One of my patients recently told me that his or her boss told them to go to the EAP and get some help. The boss had mentioned some performance issues. S/he had gone to the doctor first and had gotten a fitness report. S/he then put a cover letter on the report and handed it to the boss. Was this a wise idea?
There are no general right answers to this question. If your boss or supervisor asks you to see someone, you should acknowledge the statement. That is, you should ask your boss whether there is a problem in your work. The odds are that s/he would have mentioned the problems already, either before the suggestion or at the time of the suggestion.
Then you need to ask yourself whether you think there are issues and, if so, what resources you have to deal with them. There are several questions you should have in mind. First, are you covered by a union contract or other contract that specifies your level of performance and review? If so, then there may be a provision for addressing problems, including whether you need to seek counseling. Your review process may entitle you to having an advocate or delegate in the room if there is a formal issue raised and put into your personnel file.
Second, your boss or supervisor may have suggested that you go to your EAP—your Employment Assistance Program.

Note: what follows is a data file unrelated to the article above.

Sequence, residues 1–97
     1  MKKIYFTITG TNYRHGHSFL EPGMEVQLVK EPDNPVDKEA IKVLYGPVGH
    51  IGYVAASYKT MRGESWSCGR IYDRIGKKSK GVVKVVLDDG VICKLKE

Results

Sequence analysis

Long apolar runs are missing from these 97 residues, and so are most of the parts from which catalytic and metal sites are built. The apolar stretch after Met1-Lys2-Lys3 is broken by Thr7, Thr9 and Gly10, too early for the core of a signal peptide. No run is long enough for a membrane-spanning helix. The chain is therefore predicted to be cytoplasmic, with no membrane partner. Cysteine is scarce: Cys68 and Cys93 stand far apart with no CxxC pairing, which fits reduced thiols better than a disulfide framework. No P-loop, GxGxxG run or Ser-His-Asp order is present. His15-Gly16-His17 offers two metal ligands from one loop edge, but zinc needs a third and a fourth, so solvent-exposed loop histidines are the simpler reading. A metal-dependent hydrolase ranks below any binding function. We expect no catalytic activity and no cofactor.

You need to find out the terms under which you can or must go. Is s/he suggesting you go, referring you to go, or requiring you to go? EAPs vary in terms of the ways in which they involve management. Some allow you a certain number of free visits, with no contact whatsoever with management. Others may have programs where, if you are referred, management is notified and involved to varying degrees in the process.
This last point is crucial: your therapist may be working in the middle, helping you as well as telling your boss how much progress you’re making—or not. Be clear about what you’re getting into. Some EAPs may have the therapist try to solve the problem directly, whether you like the solution or not. Or the therapist may mediate between you and your boss. Find out what the rules are.
You have another choice that does not break confidentiality. If you feel that you have a problem, whether it’s yours and/or the boss’s, you can go to your own therapist and keep it confidential. You can also ask your therapist to disclose any relevant information you want to your supervisor. In this situation, you have control of the information. EAPs can also provide legal benefits as well, with access to a lawyer. If you are certain that your use of the lawyer remains confidential, you can talk to her or him about work situations. Some EAPs also have financial planning information. If that is relevant to your work situation, again, check for confidentiality and use the resources.
Your main goal is to make sure your situation is protected and that only you can release confidential information. That may mean that if your boss asks you whether you are seeing someone, unless it is part of an agreed upon personnel action, you have no obligation to answer. You should always address the specifics of work performance issues. That is your obligation as an employee. Make sure that you do!